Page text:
Johnson: If you can’t get something useful that helps you and doesn’t add value, then it’s just noise.

Hwang: Yes, usefulness is what counts. In terms of disruptive technologies, the real disruption that is going to come to the electronics industry is when we have an entirely new array of materials to make electronics. We all know that silicon is very hard to replace, as vividly demonstrated in last the three to four decades.

Like my question to JB Strabuel from Tesla’s keynote speaker this morning regarding the electric vehicle: “What new materials are needed to deliver high-energy and power density beyond what conventional lithium can provide to reach the speed, range, cost, and other performance features of a well-rounded electric vehicle?” There is still a distance to go. There are certain limitations on the range and storage we can achieve. So, the availability of higher power density, storage, and associated technologies is necessary.

For electronics, to get another level of performance, we will need new 2D materials. This area has been rigorously researched for the last few years across the globe. Like AI and 5G, this is a global race and competition. Surely, 2D materials are going to revolutionize electronic devices, but when that will happen remains to be determined. That would be a huge disruption for electronics—an entirely different type of materials above and beyond the typical semiconductors we’ve been making.

Johnson: This has been great, Jennie. Thank you.

Hwang: Thank you, Nolan.


Suggested Items

Training for New Hires

05/31/2023 | I-Connect007 Editorial Team
Since training is such a key component in converting an inexperienced new hire into a valued contributor on the manufacturing floor, we asked Brenda Clunie, vice president of sales and operations at EPTAC, exactly how their certification programs deliver on this promise for new hires.

Akrometrix: Masters of Metrology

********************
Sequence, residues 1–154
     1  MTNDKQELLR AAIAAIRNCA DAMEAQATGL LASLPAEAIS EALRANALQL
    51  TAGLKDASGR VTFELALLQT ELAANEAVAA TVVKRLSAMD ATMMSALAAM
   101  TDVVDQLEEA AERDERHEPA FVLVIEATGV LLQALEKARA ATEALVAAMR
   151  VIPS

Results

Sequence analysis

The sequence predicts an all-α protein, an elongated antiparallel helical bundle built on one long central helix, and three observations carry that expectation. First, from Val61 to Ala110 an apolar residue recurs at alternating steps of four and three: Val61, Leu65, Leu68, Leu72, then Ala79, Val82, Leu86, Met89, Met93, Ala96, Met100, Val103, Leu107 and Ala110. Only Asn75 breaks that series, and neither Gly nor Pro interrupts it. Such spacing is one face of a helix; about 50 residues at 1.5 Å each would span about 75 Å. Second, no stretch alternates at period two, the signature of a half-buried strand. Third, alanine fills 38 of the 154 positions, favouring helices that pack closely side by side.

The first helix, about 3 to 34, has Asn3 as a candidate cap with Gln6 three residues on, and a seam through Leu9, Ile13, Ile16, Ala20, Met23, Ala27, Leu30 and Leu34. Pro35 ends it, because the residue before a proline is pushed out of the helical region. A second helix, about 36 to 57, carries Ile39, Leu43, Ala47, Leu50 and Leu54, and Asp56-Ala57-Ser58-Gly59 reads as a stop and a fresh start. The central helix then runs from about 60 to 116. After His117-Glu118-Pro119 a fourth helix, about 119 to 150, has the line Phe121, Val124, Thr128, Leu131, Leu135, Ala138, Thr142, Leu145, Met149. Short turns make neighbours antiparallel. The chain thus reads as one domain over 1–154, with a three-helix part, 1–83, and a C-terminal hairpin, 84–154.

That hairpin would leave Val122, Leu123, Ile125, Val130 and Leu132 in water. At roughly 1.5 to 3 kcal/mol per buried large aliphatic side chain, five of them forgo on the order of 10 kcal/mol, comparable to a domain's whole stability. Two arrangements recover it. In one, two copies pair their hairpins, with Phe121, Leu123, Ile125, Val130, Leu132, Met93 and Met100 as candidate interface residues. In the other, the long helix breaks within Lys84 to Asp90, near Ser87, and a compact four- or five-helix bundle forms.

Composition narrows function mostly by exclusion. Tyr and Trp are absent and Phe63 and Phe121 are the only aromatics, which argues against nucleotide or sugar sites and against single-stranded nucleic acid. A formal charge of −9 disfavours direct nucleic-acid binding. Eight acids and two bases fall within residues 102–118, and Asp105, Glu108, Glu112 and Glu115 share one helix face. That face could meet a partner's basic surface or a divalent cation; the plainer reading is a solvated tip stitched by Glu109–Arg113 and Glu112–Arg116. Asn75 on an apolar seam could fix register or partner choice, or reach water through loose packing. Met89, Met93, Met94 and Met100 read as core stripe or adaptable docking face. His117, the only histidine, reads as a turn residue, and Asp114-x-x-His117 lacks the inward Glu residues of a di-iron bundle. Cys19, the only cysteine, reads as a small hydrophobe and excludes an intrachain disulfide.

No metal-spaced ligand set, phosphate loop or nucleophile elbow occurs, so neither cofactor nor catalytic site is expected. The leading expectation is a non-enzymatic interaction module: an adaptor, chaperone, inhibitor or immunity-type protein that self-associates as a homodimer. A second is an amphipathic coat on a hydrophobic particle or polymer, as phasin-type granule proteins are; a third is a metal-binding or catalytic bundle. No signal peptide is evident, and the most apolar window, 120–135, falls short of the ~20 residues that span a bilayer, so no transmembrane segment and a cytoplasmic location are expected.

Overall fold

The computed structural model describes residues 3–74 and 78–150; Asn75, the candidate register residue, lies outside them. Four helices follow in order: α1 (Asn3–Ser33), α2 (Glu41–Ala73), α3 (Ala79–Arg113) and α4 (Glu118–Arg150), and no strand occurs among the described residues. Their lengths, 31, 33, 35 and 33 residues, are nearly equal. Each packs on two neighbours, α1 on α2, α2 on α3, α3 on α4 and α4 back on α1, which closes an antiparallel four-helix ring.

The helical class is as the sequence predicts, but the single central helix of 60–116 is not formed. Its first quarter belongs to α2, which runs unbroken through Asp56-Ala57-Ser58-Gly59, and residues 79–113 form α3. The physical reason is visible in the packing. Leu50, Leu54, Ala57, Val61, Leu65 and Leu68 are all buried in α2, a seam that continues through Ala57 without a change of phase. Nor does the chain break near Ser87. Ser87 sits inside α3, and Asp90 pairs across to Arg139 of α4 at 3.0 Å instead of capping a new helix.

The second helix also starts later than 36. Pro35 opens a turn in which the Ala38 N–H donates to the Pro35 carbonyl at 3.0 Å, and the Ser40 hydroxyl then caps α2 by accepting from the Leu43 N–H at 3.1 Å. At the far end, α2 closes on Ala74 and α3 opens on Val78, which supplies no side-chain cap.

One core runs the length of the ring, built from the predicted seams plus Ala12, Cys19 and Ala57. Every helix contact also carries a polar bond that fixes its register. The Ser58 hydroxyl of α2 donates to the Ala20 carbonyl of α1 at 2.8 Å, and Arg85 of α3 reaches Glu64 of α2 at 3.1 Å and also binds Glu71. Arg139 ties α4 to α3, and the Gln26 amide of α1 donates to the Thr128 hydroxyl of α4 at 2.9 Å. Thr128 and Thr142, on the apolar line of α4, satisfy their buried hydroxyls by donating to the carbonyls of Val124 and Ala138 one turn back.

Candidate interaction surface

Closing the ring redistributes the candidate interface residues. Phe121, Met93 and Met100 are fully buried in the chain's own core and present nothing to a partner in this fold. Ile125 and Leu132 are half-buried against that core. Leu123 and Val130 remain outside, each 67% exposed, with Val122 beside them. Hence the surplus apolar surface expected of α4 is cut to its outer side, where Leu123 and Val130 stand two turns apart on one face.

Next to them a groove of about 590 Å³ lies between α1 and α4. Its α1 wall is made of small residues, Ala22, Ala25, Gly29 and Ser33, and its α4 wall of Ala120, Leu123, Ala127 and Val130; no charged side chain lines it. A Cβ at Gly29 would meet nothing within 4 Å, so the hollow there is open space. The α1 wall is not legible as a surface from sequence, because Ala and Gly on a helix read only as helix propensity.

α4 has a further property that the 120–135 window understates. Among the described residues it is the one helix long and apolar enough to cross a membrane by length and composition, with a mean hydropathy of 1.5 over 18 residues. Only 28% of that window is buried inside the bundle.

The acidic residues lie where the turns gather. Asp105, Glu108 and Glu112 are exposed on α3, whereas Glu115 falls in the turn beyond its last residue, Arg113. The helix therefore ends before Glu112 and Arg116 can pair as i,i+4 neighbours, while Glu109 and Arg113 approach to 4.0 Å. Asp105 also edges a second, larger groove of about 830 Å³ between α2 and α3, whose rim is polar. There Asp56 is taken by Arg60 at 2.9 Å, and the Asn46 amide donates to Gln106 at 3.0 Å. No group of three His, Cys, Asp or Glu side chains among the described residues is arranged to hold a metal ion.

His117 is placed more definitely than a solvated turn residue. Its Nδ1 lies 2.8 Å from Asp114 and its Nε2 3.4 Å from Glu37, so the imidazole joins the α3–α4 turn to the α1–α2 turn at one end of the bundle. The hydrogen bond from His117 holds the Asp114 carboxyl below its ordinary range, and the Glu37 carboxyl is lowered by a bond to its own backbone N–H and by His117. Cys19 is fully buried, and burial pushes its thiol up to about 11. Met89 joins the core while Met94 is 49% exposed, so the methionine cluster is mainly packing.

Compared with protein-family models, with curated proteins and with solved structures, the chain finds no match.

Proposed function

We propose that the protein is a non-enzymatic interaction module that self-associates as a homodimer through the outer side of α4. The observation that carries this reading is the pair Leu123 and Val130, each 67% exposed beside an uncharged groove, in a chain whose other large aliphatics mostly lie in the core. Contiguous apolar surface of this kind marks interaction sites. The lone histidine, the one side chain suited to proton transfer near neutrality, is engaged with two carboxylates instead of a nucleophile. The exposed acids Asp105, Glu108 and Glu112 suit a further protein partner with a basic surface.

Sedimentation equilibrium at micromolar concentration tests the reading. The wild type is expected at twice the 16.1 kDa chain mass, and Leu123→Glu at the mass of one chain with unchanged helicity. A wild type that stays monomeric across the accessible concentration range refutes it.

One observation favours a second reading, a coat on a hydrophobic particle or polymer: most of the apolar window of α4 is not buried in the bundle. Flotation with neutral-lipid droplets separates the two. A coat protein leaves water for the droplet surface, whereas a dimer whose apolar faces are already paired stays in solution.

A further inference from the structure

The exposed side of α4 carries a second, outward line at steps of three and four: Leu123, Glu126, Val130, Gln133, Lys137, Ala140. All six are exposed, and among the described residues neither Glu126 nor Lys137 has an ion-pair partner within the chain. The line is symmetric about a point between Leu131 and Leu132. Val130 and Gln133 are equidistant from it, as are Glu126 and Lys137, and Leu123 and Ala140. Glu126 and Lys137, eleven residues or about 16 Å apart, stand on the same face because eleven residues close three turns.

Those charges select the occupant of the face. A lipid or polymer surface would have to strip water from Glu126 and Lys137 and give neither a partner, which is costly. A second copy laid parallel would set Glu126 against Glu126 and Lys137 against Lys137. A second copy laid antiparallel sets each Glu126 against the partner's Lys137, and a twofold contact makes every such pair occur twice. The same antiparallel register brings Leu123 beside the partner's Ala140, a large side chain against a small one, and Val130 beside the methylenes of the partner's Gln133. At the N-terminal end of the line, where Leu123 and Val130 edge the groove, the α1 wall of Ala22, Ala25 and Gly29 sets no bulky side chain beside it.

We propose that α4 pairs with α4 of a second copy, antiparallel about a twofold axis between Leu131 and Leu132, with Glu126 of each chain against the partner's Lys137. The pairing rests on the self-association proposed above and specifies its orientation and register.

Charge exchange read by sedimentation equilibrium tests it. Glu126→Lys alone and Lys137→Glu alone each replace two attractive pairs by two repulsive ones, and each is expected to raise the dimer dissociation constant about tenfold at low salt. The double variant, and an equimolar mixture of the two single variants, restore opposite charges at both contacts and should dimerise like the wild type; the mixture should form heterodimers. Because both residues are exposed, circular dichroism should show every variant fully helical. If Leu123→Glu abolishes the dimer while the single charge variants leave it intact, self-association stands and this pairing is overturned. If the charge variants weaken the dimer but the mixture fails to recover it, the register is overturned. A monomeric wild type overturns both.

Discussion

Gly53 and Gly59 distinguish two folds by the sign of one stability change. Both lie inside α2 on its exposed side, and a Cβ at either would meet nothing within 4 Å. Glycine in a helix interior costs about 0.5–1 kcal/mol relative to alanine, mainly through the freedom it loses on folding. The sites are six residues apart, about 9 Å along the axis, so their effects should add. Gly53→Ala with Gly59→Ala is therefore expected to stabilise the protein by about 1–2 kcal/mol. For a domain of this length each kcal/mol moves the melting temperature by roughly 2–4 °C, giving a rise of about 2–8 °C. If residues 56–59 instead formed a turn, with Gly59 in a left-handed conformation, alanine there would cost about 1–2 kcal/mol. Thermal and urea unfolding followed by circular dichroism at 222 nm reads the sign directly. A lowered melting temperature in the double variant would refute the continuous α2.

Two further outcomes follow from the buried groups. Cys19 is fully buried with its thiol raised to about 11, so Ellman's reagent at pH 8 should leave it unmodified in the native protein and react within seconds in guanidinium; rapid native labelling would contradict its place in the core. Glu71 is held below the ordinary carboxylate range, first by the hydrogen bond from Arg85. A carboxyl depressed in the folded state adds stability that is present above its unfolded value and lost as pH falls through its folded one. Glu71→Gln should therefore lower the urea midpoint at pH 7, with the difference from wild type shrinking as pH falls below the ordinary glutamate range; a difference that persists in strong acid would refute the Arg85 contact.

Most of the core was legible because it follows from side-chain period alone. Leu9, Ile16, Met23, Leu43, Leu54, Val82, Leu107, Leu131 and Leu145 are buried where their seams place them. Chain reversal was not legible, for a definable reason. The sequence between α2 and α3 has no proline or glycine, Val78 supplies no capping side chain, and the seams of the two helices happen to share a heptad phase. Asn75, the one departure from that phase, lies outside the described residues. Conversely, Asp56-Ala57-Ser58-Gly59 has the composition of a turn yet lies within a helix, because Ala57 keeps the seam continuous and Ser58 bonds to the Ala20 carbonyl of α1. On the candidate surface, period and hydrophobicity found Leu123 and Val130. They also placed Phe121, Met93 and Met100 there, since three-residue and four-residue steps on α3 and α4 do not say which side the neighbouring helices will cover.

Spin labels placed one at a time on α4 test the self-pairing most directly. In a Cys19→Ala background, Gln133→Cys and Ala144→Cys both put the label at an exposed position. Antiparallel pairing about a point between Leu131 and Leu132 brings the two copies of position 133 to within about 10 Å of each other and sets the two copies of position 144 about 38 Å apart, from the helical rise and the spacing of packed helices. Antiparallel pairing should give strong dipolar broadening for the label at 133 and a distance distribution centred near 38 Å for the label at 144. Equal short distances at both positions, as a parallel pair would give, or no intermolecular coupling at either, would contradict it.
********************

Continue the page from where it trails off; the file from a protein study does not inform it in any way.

05/24/2023 | Andy Shaughnessy, Design007 Magazine
At the Atlanta SMTA Expo and Tech Forum, I met Neil Hubble, president of the metrology systems provider Akrometrix. If you’re not sure exactly what metrology entails, you’re in luck. In this interview, Neil explains why metrology is becoming a critical part of PCB manufacturing. We also discuss the company’s capital equipment, testing services, and why Akrometrix counts many of the top PCB and semiconductor manufacturing companies in the world as their customers.

Shopping for a Soldering Robot

05/24/2023 | Ed Zamborsky, Thermaltronics
During factory visits, I've witnessed what’s happened to our workforce after the pandemic. Sometimes it looks like operator separation for social distancing, working extra shifts to cover for lost or missing employees due to illness, workers who now work from home, or they have simply found working no longer suits them. One possible solution when you can’t hire skilled technicians is to look at automation, particularly automation for soldering. For many it was a “feature piece” for the obligatory factory tour just to demonstrate to potential customers they are forward thinking. Now it’s a reality to solve a true workforce shortage issue. But why use a robotic soldering system?

Copyright © 2023 I-Connect007 | IPC Publishing Group Inc. All rights reserved.